Thousands of Gauteng learners still have no school

Province struggles to place large intake of learners

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Photo of mother with child doing schoolwork

A paperless system launched by the Gauteng Department of Education (GDE) in 2016 prioritised online school admissions, putting parents without internet access at a disadvantage. “You must first find money for data bundles to apply online,” said Johannesburg mother Aggie Zulu. “But then you must also find money to taxi to the district offices, and then they say they will call you, but they don’t.”

Zulu was applying for a fee exemption for her son, Thabo, who started grade one this year. She found the application process stressful last year. “From April [2016], I travelled up and down seven or eight times to the school and then four or five times to the department.”

Gauteng is considered a place of opportunity for work seekers in South Africa. But not only working adults are migrating to the province for its prospects; learners are leaving rural areas for Gauteng’s schools with its higher safety standards, better resources and promising matric results. Some schools in the Tshwane and Johannesburg municipalities are over-capacity. A combination of the new online admissions system and this large intake has left the GDE scrambling to allocate learners to schools across the province. The GDE has now confirmed that at the beginning of this week, two weeks into term, 4,700 learners had not yet been placed.

Gauteng Education MEC Panyaza Lesufi, has asked that schools “admit five additional learners per classroom” in grades one and eight. The GDE has promised 20 new schools and 603 additional classrooms to be built this year to alleviate the pressure on the province’s education system.

The 2016 Gauteng learner intake increased by nearly 4.5% from 2015. In 2016, the GDE reported over 90,000 new learners from outside the province, mostly from Limpopo and the Eastern Cape. A further 12,000 learners entered the Gauteng schooling system from other countries, predominantly Zimbabwe and Lesotho. Gauteng is perceived as one of the best places for education in South Africa.

The number of schools in Gauteng has increased over the past three years but in Limpopo and the Eastern Cape, schools seem to be shutting down. Limpopo lost 58 schools between 2014 and 2016, and the Eastern Cape closed 56 schools in the same period. This is partly due to lack of resources and teachers in rural areas.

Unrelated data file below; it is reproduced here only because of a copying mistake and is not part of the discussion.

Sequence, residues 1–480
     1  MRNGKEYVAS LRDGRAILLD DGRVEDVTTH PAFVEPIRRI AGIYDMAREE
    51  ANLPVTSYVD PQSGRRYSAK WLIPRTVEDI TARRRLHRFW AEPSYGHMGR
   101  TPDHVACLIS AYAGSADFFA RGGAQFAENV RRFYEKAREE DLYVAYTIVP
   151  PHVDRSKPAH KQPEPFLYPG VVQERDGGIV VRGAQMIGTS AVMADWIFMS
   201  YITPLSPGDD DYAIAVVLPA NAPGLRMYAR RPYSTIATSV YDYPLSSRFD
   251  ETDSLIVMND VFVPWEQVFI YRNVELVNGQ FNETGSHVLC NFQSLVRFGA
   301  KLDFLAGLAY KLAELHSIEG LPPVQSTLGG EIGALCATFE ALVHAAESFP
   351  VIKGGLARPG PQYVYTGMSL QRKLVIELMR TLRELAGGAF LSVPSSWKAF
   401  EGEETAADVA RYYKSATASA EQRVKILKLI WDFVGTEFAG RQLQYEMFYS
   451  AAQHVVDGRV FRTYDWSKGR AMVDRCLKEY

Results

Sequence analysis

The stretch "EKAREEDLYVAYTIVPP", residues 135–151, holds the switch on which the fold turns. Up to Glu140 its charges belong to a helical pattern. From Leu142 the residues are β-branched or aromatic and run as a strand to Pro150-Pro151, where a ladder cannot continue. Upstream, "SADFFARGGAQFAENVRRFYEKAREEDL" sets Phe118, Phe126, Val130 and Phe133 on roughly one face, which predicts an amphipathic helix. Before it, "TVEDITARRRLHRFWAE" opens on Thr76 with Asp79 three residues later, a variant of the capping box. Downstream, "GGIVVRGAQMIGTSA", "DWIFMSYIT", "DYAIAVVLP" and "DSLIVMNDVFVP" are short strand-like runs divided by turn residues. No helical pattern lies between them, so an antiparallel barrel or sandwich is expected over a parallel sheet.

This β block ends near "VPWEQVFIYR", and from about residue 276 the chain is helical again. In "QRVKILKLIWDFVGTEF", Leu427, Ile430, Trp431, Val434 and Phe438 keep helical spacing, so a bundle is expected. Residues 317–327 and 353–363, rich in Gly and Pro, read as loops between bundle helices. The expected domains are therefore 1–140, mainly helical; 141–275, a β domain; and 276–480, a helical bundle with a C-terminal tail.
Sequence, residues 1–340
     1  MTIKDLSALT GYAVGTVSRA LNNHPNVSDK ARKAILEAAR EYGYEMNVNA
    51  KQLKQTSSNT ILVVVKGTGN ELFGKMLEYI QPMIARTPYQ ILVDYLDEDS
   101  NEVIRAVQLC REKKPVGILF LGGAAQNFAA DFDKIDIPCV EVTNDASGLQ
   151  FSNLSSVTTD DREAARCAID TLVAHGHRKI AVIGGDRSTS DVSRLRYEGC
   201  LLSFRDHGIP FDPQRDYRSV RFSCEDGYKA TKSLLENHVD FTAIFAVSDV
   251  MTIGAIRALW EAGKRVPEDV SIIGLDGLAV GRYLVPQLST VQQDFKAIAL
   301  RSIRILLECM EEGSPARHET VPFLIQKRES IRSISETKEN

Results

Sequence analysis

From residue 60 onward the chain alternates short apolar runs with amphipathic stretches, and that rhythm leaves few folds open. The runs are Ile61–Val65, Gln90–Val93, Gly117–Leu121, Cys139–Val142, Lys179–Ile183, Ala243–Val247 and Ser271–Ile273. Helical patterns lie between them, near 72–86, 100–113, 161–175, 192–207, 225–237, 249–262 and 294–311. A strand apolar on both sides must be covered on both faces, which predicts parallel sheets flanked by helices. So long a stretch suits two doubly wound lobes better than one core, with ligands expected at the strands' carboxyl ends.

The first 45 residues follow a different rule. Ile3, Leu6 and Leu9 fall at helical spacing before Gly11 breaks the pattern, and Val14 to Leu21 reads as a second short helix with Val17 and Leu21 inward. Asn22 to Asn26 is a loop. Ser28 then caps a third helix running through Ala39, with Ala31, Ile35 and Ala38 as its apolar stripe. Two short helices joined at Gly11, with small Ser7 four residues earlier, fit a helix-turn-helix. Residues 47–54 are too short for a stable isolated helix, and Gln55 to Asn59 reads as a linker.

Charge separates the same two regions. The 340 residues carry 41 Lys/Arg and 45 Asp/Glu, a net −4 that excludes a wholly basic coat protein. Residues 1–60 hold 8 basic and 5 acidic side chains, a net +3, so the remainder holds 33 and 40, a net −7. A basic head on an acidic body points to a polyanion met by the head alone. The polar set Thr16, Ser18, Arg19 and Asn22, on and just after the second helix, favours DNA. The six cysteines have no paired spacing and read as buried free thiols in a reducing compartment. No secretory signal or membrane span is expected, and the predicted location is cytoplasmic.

Teachers also appear to be leaving rural areas: 2,629 teachers left the Eastern Cape schooling system between 2014 and 2016, and 2,838 teachers left the Limpopo province in the same period.

What these figures mean for the quality of schools in both rural and urban areas is worrying - rural areas are becoming more under-resourced while urban areas become more over-extended.

Zulu is a domestic worker with three children. One of Thabo’s sisters is still at Fairways Primary, the school to which she was applying for Thabo. Zulu said that even though his sister was at the school, he was never guaranteed a spot. “But online they were giving you options for schools that didn’t work, far away on the other side of the highway and my other children are not going there.”

For her daughters, Zulu approached the school directly, and managed to confirm places and fee exemptions for them in person. But with the new system, communications from the district office were different to what was reflected online. Although she managed to apply online in time in early April, Thabo’s admission status was “pending” until December while Zulu heard different things from the school and the district office. The old system of applying to schools in person “was easier, much easier,” Zulu said.

Eventually, Thabo did get accepted at Fairways, but Zulu says that the class sizes are very big. “They are trying to squeeze all the children no matter if the classes are too big. I think it’s difficult for the teachers.” Although she is happy that Thabo got a space and a fee exemption at Fairways, she is worried that she might not have time to help him with his school work if the teacher doesn’t give him enough support in class. Fairways is a small school in northern Johannesburg, and Zulu said that when her oldest daughter left the school five years ago, there were about 20 learners in a class, but that figure has now gone up to above 30.

The main reason for the delay in placing students, according to GDE spokesperson Oupa Bodibe “is the overwhelming demand for spaces where our schools are completely full. We reiterate our deep sense of empathy with the parents whose children are not placed, and commit to accelerate placement.”

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TOPICS:  Education

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